So you've been diagnosed with celiac, gluten sensitivity or gluten intolerance and your friends have invited you to hang out at that classy restaurant downtown. You can not help but feel a little fear and anxiety rise in your throat at the thought of eating out. What if the restaurant has no gluten-free accommodations? What if you accidently get “glutened”? What if, what if, what if? The reality of dining out suddenly makes meeting your friends not so much fun and this absolutely sucks! When I was first diagnosed, I had become so suspicious and wary of restaurants that I avoided them completely. In the long run, it was cheaper but my social life became seriously impaired.
For the most part, I would stay stay in and cook my own food. But after months of living gluten free, I realized that eating out was not so hard as previously thought. Here are some tips that I've come across while ditching the fear of getting “glutened” and actually living.
Heading to that yummy Asian location?
I learned this one the hard and painful way. Asian food can be tricky and unless you're not having the completely authentic oriental dish, I wish you good luck in NOT getting glutened. Most Chinese takeout involves heavy gluten, from the soy sauce to deep fried anything. My hubby likes to take me to a great Chinese restaurant down the street from our apartment and I always stick with one dish. Rice with bamboo, garlic sauce, carrot, chicken, sprinkled with cashews and cilantro. Yum! I knew that this dish was safe because of the clean ingredients, of course I doubled and tripled checked with the waiter of the restaurant but anything with rice is reliably safe. Sometimes, I even bring my own gluten free soy sauce.
If you're really pinning for Asian food, then I suggest avoiding Chinese, since soy sauce is in almost every dish. My recommendations would be Thai and Vietnamese because most of the dishes offered are naturally gluten free.
Fries, wedges, chips, you name it …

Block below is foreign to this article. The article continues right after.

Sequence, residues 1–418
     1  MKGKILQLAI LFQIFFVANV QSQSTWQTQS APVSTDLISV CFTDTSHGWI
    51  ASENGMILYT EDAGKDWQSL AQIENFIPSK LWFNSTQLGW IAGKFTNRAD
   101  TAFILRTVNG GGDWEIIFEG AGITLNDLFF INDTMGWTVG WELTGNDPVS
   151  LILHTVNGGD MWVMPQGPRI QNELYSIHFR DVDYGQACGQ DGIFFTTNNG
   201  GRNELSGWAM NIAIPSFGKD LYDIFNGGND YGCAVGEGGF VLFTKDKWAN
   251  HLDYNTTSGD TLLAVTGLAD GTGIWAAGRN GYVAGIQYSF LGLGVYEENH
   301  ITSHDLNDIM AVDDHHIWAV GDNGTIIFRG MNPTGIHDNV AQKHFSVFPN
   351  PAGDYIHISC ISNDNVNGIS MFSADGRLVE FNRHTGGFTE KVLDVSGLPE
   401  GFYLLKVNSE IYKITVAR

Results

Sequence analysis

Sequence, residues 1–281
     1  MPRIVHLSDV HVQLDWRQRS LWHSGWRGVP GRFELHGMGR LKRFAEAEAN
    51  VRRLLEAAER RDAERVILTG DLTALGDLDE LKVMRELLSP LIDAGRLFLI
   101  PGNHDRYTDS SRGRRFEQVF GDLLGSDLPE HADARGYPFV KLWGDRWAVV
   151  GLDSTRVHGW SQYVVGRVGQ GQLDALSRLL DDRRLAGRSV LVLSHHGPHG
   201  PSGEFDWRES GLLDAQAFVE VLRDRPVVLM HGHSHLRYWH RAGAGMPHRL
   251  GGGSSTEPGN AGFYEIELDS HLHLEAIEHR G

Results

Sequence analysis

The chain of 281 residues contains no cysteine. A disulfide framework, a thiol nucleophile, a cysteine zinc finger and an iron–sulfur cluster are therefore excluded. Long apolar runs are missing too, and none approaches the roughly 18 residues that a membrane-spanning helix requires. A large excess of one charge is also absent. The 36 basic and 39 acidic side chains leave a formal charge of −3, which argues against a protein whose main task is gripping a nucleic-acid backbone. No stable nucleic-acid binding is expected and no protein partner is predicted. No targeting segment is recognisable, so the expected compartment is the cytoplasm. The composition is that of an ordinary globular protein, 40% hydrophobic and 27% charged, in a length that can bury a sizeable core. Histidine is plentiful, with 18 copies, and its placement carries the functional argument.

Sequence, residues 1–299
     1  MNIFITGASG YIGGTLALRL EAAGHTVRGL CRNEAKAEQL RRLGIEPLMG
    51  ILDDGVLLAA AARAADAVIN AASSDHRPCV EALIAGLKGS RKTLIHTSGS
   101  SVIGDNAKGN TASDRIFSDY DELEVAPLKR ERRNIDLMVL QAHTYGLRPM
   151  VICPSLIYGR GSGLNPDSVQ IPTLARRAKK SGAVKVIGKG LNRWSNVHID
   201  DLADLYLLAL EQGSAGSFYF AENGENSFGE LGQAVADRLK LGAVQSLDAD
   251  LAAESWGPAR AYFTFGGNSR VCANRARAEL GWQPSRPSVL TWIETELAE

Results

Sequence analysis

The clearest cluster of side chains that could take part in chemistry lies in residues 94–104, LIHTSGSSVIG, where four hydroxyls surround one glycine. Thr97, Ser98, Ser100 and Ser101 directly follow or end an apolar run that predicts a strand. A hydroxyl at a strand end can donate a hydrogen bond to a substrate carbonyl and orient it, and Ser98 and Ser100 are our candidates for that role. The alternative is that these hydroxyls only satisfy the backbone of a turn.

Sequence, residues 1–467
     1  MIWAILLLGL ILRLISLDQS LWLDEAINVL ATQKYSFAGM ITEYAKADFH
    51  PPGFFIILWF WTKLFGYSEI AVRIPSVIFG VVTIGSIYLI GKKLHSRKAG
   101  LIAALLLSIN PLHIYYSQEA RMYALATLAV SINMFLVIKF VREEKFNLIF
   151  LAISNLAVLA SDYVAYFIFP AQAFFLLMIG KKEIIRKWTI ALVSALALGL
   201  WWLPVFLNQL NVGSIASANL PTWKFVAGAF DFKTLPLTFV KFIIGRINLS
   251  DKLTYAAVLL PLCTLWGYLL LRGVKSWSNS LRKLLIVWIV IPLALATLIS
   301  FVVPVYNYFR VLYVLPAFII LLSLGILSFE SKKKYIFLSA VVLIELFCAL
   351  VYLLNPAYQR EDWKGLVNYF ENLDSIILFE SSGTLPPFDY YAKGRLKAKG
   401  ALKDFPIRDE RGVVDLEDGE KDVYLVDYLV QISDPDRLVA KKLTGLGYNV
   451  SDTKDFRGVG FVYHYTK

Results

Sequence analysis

If you're anything like me, I'm always down to eat anything potato related. It's cheap, fast and everywhere. When I first came to Berlin, I was amazed with the amount of potato dishes that I could indulge in, of course this was before I was properly diagnosed so when I needed to make the gluten food cut, my heart broke at the thought of departing with the common street food.
French fries and wedges are notorious for being covered in wheat flour, this is so that they do not clump together when they're frozen. If you're wondering if you can take the risk, the one clue to look for would be if they look like they're covered in a crispy texture. The freshly served ones look different in the way that they are simply cut and fried. Beside, anything that has been deep fried is a red flag to stay away!
Do not be afraid to speak up!
This is something you need to learn right from the start. Not being shy to speak up to the waiter, chef or even owner of the restaurant. At the end of the day, it's your health that matters. Ask for a gluten free menu, ask if a certain dish is safe to eat, ask if they can double check with the chef. Ask, ask, ask. Sometimes before I go to a restaurant with friends, I call the location in advance to see if they have gluten free options. This will not only give you a sense of security but also avoid the entire double checking if the dish is gluten free fiasco. Now-a-days, most restaurants will have an extra allergy free menu to give but if you're in a foreign country, like myself, they will not.
Make the suggestion!
Once you've become accredited to the restaurant locations in your area that carry safe dishes, making the restaurant suggestion to your friends and family may be the better option. For the most part Thai, Japanese, Vietnamese and Indian restaurants are great options. Thai specializes in fresh and healthy rice-based noodle dishes. If you like sushi, Japanese restaurants are the place to be for gluten free food but make sure to bring your own soy sauce! Indian restaurants also have many naturally gluten free dish such as Tandoori chicken, fish and shrimp with vegetable side dishes. However, make sure to ask about the sauces as some are thickened with wheat.
Planning a head is perhaps the most important tip. Call in advance, choose the location yourself and even check to see if the restaurants uploaded their menu online. At times, it can be a trial and error game but once you know what and where you can eat, life becomes much simpler. Almost like those good ol 'days of eating anything you wanted. The good news is even if you're stuck at a menu and wondering what to eat, you can always stick with a salad or a big fat steak.
What are your tips when going out?